We have just wrapped up an incredible ten day visit with these friends.
Even more than all the memories collected from game drives, swimming, hiking, playing, and eating together – I am struck by what it means to have people from home glimpse where we live, play, eat, shop, and work here. “To be seen”- actually, it means a great deal!
My strongest memory of this happened in 1996 when a college friend came to visit me in Tanzania, five months into my volunteer experience. It was such an intense sensation – this “being seen” by someone from my other, “real” life. It acknowledged and affirmed everything I had been experiencing in that marvelous and challenging environment. I remember thinking to myself, “I really am here.”
We learn the power of “to be seen” in the early parenting years when little ones are constantly checking whether we have noticed their accomplishments. There is a deeper message in “I see you!” compared to “Great Job!” The message humbles the one seeing and equally values the worth of the one who is seen – a profound statement to anyone regardless of age.
It’s a three word sentence, about the easiest kind there is, right? Subject, verb, object. What’s complicated though is what and who we choose to see. And in South Africa, like in America, it’s pretty easy to stay on the surface. We have done plenty of that this year and during our visit with friends. Seeing what is easy, beautiful, and hoped for is the obvious starting place.
We saw extraordinary wildlife.
We saw sunsets and mountains.
We saw beauty.
We saw luxury and abundance.
We saw waves and fun.
All of the above are real. We saw them; we experienced them. But there’s a lot hidden behind the surface too, a lot we missed and ignored. Other things aren’t accessible because of the real and imagined barriers that exist between race and class here. There can be awkwardness and discomfort when we see beyond what is easy or satisfying to comprehend.
It is from that context that I am prompted to say I couldn’t have been happier and prouder of my children and our visitors when they joined me in Ezinketheni where I volunteer. Pushing through any fears of language barriers or safety, they honored people who are often overlooked, avoided, or hidden in choosing to see them. Not surprisingly, after seeing with open eyes and hearts it didn’t take any coaxing or training to know how to participate too.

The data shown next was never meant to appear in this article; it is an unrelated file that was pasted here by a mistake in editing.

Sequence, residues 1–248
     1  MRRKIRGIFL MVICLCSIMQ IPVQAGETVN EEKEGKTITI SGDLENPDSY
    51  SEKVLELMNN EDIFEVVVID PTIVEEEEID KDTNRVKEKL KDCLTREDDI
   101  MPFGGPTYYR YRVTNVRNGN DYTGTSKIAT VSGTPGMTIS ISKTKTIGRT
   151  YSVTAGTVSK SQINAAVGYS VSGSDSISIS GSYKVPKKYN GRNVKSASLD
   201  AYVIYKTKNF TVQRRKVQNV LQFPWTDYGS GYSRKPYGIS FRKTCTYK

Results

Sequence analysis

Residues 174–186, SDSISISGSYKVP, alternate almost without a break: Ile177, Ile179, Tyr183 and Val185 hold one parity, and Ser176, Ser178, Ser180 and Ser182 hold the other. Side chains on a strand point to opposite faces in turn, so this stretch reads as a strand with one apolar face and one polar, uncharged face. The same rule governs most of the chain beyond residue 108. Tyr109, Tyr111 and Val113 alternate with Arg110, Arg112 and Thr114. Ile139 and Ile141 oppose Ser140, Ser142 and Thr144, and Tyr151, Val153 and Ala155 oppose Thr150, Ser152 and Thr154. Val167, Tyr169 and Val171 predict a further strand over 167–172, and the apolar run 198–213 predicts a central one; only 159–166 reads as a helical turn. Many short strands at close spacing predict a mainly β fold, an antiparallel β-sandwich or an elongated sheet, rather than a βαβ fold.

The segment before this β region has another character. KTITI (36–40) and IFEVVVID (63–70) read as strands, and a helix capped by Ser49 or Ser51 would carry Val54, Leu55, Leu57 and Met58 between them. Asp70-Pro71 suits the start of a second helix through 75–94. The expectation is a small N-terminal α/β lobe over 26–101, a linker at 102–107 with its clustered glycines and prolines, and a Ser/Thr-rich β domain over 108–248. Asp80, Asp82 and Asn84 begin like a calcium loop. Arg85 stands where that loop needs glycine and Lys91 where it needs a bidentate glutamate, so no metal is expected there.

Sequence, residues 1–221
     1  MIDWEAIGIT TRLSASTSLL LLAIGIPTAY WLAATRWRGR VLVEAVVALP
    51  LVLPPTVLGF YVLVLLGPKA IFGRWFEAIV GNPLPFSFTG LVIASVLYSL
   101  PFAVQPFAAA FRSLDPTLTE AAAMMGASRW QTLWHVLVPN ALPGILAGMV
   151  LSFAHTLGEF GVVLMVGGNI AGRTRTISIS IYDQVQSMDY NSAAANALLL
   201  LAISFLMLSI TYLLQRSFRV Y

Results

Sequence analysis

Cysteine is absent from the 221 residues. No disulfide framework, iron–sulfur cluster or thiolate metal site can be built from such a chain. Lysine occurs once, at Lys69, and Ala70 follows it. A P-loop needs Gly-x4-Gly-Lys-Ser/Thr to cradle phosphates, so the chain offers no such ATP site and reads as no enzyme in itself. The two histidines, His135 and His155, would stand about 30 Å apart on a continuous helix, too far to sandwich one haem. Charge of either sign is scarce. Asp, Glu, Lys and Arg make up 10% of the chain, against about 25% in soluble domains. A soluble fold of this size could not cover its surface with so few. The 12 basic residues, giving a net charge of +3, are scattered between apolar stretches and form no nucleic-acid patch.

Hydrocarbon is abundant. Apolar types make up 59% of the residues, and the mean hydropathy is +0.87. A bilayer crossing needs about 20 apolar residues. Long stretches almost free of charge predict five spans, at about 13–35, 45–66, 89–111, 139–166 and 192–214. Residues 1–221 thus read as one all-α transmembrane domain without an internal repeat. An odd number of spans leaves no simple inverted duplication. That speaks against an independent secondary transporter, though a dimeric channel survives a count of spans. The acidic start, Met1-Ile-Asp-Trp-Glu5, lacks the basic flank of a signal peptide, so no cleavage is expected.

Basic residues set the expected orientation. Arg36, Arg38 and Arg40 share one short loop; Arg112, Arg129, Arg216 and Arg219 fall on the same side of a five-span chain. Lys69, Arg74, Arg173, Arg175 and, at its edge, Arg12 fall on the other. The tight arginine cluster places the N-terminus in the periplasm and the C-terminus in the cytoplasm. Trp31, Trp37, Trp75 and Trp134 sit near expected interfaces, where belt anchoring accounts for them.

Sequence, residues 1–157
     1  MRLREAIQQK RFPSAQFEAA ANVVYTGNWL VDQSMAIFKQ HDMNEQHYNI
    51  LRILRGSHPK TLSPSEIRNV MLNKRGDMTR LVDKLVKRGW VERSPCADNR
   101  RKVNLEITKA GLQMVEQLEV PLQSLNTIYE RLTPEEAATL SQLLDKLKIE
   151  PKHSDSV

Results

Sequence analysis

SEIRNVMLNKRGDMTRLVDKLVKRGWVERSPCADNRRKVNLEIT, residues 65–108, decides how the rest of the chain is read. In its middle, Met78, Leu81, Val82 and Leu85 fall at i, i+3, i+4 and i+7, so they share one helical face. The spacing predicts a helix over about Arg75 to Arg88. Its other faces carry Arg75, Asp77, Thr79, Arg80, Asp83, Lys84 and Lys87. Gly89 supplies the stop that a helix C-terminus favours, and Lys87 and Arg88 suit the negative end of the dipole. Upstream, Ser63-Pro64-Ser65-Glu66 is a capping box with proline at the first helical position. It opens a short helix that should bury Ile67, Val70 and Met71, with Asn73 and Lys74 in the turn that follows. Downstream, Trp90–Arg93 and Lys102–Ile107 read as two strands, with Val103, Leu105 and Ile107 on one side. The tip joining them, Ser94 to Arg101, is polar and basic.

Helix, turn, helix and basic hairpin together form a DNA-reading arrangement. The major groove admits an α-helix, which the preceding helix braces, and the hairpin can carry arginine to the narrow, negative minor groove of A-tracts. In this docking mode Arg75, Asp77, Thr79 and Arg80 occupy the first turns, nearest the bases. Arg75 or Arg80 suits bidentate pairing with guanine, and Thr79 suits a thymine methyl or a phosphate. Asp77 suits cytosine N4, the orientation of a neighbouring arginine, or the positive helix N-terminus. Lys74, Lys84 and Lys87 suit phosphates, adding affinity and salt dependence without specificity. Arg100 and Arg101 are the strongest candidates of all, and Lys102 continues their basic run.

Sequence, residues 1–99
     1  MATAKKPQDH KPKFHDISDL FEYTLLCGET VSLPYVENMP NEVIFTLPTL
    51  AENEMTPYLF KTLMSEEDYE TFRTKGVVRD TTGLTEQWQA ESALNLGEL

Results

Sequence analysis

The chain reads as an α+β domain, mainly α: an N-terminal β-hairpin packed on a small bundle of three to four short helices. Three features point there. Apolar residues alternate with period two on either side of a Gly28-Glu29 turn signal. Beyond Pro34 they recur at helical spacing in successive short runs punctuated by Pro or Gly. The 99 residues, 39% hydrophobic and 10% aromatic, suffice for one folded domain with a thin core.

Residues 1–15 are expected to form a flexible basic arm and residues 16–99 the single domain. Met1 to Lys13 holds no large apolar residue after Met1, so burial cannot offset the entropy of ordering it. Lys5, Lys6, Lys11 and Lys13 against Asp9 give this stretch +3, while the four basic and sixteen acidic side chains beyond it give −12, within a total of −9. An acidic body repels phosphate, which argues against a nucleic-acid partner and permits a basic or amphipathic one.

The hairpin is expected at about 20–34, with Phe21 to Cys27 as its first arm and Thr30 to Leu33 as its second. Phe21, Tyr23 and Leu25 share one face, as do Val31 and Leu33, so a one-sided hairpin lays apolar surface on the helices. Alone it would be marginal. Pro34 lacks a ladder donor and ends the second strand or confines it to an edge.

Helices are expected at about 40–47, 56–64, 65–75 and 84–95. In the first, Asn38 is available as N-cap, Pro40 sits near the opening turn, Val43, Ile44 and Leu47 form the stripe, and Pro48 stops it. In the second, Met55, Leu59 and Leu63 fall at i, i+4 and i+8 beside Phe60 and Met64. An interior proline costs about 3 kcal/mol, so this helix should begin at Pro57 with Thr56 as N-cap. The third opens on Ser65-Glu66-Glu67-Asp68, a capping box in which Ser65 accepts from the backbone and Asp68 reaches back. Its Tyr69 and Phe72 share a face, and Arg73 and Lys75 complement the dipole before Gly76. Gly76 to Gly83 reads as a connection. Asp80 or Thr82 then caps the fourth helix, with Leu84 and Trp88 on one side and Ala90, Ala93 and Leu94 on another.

We saw children learning.
We saw a difficult environment and people making a difference.
We saw grannies! Many are challenged with caring for orphans despite little or no income.
This Gogo needs to wash clothes and do many other chores despite her amputated leg.
Here’s a beautiful counterpoint to weave into this story. Guess what the common, everyday Zulu greeting “Sawubona!” means? It’s not – Hi, Hello, Good Day, or How are you. It is literally, “I see you!” with the reply, “Yes, and I see you!” What a grounded and open place that is to start any conversation, any interaction.
Who and what do you see? Who and what do you not see? How can we dignify each other by our seeing?
One place I have been exploring this in my life is when I am stopped at an intersection where there is someone begging. I encounter this several times most days and sometimes, especially on a Friday afternoon when it’s payday, it could be nearly every corner. We generally avoid monetary or other handouts at these spots and typically leave our windows up for our own safety. I have noticed that most drivers do what I do – ignore or give a nod or waving hand to show “no.” But, am I really seeing this human being? Do I want to? Can I communicate “Sawubona” to the face on the other side of the glass in that short moment before the light turns green? I’m not sure. But, it is a good place to sit with the discomfort we must accept when we choose to see someone’s dignity.
I want to end with a “thank you” to all those who have seen me when it mattered most in my life! And if this idea of “Sawubona” is resonating with you, I encourage you to watch this clip. Here’s a quotation by the speaker, Orland Bishop, a community organizer and peacemaker in California. “Through ‘Sawubona’, we are capable of experiencing the quality of another without judgment or prejudice shaped by our thoughts. Sawubona is an openness to the highest good in a person.”